Production debugging is one of the hardest tasks for any developer as it involves finding the point where the expected outcome and actual outcome diverge.
It can be challenging because it usually looks like the bug can quickly be fixed but in the long run; it becomes harder to recreate the exact environment.
Any dev will readily admit that debugging is hard and that it is a scenario we all have to deal with at some point. Here are the five common ways to approach production debugging.
–Gathering Debt (Don’t worry, be happy)
When most developers encounter an issue, the first thing that comes to mind is to simply ignore the problem with the hope that it will go away.
It is typically peculiar to inexperienced developers who are optimistic that if the project has worked so far, then there should be no cause for concerns.
The problem with it only becomes obvious when they try to scale, translating the approach’s results directly to technical debt.
–Ultra orthodox testing (If you test it, it will run)
This approach is widely adopted by followers of the TDD cult who believe that everything should be tested to eliminate doubts.
The goal of this approach is to detect issues before bugs surface, which can go a long way to potentially help devs save time and money.
While this is a proactive measure to deal with problems before they arise, there is only so much it can achieve as it is impossible to remove the potential for bugs and problems completely due to the human nature.
–PokeMonitor (gotta catch’em all!)
This approach involves planning and writing all the log lines you will ever want beforehand so you can have the information you need to understand and resolve when things go wrong.
Apart from helping you detect where the problem lies, it can also aid developers gain fresh insights into the details of the project.
However, this approach is often criticized because it is demanding as one needs to collect every piece of data all the time and process the data gathered to find the relevant pieces per time.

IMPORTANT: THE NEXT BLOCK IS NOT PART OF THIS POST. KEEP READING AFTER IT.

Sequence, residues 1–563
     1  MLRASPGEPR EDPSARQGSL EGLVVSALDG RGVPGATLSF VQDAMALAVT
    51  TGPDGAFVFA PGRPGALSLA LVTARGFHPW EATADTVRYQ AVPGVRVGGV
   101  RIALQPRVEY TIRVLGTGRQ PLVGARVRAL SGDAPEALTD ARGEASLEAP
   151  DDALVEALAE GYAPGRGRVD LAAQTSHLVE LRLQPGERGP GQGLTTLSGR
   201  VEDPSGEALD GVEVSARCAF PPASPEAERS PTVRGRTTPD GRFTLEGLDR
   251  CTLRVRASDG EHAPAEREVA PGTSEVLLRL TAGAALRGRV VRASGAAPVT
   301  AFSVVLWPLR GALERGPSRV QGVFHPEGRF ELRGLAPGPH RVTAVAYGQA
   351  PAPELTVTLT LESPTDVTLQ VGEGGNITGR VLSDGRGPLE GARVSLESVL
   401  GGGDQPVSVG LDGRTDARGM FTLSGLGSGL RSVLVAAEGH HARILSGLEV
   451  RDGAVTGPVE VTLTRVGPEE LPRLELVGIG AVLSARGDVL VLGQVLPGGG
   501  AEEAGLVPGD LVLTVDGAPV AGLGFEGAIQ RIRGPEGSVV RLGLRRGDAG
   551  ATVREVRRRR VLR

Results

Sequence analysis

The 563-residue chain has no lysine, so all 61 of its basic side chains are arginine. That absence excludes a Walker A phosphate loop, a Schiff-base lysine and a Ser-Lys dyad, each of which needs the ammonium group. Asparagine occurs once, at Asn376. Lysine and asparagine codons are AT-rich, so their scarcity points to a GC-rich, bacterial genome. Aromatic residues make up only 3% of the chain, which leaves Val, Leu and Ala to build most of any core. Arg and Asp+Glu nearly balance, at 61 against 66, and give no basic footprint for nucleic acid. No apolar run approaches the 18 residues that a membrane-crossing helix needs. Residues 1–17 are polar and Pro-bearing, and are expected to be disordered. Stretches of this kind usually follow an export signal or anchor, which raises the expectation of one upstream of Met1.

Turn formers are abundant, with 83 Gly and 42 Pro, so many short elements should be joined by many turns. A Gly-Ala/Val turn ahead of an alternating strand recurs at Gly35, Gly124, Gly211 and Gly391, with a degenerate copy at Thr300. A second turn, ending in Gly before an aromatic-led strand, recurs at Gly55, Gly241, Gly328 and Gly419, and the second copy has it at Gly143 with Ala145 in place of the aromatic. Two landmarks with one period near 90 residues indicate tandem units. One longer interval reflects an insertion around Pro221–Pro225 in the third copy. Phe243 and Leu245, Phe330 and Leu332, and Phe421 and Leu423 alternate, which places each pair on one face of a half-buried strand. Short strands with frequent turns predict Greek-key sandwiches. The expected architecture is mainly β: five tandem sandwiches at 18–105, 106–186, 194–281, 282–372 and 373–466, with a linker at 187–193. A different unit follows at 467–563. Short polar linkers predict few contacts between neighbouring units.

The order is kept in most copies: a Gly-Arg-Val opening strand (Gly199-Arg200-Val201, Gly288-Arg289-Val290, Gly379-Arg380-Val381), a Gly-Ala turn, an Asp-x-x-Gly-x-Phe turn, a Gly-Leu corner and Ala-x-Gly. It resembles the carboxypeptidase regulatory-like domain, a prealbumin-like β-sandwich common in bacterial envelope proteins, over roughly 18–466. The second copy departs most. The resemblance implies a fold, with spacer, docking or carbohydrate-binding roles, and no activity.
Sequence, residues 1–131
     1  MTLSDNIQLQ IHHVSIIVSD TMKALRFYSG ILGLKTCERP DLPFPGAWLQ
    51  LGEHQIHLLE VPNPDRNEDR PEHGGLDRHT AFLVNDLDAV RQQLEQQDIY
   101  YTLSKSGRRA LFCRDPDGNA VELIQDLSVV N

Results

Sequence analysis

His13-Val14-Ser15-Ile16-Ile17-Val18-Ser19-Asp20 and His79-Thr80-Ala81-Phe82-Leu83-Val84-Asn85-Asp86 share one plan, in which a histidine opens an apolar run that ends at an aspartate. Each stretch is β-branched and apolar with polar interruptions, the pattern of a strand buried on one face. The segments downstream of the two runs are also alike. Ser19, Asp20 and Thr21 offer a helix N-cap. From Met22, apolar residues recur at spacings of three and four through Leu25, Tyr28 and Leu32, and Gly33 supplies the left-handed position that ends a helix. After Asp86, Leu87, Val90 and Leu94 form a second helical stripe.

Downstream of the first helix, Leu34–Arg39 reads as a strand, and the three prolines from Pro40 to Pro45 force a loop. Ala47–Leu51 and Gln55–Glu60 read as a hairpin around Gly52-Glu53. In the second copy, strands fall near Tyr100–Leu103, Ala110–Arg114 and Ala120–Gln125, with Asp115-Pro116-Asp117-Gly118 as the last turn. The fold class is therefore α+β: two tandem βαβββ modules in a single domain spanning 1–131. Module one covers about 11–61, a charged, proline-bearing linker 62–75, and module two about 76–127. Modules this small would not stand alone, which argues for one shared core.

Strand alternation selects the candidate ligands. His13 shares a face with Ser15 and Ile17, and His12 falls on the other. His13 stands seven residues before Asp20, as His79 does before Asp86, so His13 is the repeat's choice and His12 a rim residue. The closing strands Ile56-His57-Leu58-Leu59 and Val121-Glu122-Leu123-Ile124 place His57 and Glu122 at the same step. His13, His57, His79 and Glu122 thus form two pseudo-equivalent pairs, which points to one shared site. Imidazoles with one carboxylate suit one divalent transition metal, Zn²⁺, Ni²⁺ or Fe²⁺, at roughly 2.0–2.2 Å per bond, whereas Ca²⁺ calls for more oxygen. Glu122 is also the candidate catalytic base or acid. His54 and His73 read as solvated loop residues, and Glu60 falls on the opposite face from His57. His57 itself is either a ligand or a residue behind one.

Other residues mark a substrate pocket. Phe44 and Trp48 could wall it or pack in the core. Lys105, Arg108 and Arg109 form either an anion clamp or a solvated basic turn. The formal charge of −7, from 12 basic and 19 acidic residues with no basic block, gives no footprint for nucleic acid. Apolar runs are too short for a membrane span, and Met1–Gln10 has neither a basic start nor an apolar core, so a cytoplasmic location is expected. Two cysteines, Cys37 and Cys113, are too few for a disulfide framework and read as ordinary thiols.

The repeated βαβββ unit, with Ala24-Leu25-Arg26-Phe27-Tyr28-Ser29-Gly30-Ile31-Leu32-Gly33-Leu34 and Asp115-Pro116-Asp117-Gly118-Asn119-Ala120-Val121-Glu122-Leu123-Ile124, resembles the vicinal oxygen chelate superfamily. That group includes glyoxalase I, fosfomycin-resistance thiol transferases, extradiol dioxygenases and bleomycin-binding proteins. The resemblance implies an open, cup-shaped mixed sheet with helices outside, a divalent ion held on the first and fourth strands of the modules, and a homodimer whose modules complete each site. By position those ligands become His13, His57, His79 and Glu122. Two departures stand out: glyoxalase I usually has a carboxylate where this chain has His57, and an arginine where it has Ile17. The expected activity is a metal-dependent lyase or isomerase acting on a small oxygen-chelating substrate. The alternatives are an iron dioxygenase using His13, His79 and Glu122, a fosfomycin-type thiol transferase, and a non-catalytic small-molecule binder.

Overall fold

Another demerit is that it requires high infrastructure and maintenance costs.
–Move fast (and break things)
Disciples of this approach believe that there will always be bugs in any project and that the best course of action is to increase the speed of software updates to address the issues rather than fix them during the development process.
The key advantages of this approach include response speed and cost reduction but this is usually at the detriment of software quality.
Another downside is this approach is that while it appears to be speedy, it actually results in a heavy, slow and complex system due to the many complex processes involved.
–Agile Data-layer (visibility set free)
This approach, which is a blend of other approaches, gained popularity recently as it involves taking apart the data layer from the rest of the application so it can the issue can be fixed.
The goal is to bring the needed visibility into production on demand, preferably with minimal effects and dependency on other software aspects.
In all, developers often face a number of issues during software development, and they can all be solved by adopting one or more of the approaches explained above.
Should you encounter a problem that proves to be difficult, don’t hesitate to ask for help from co-workers or the community.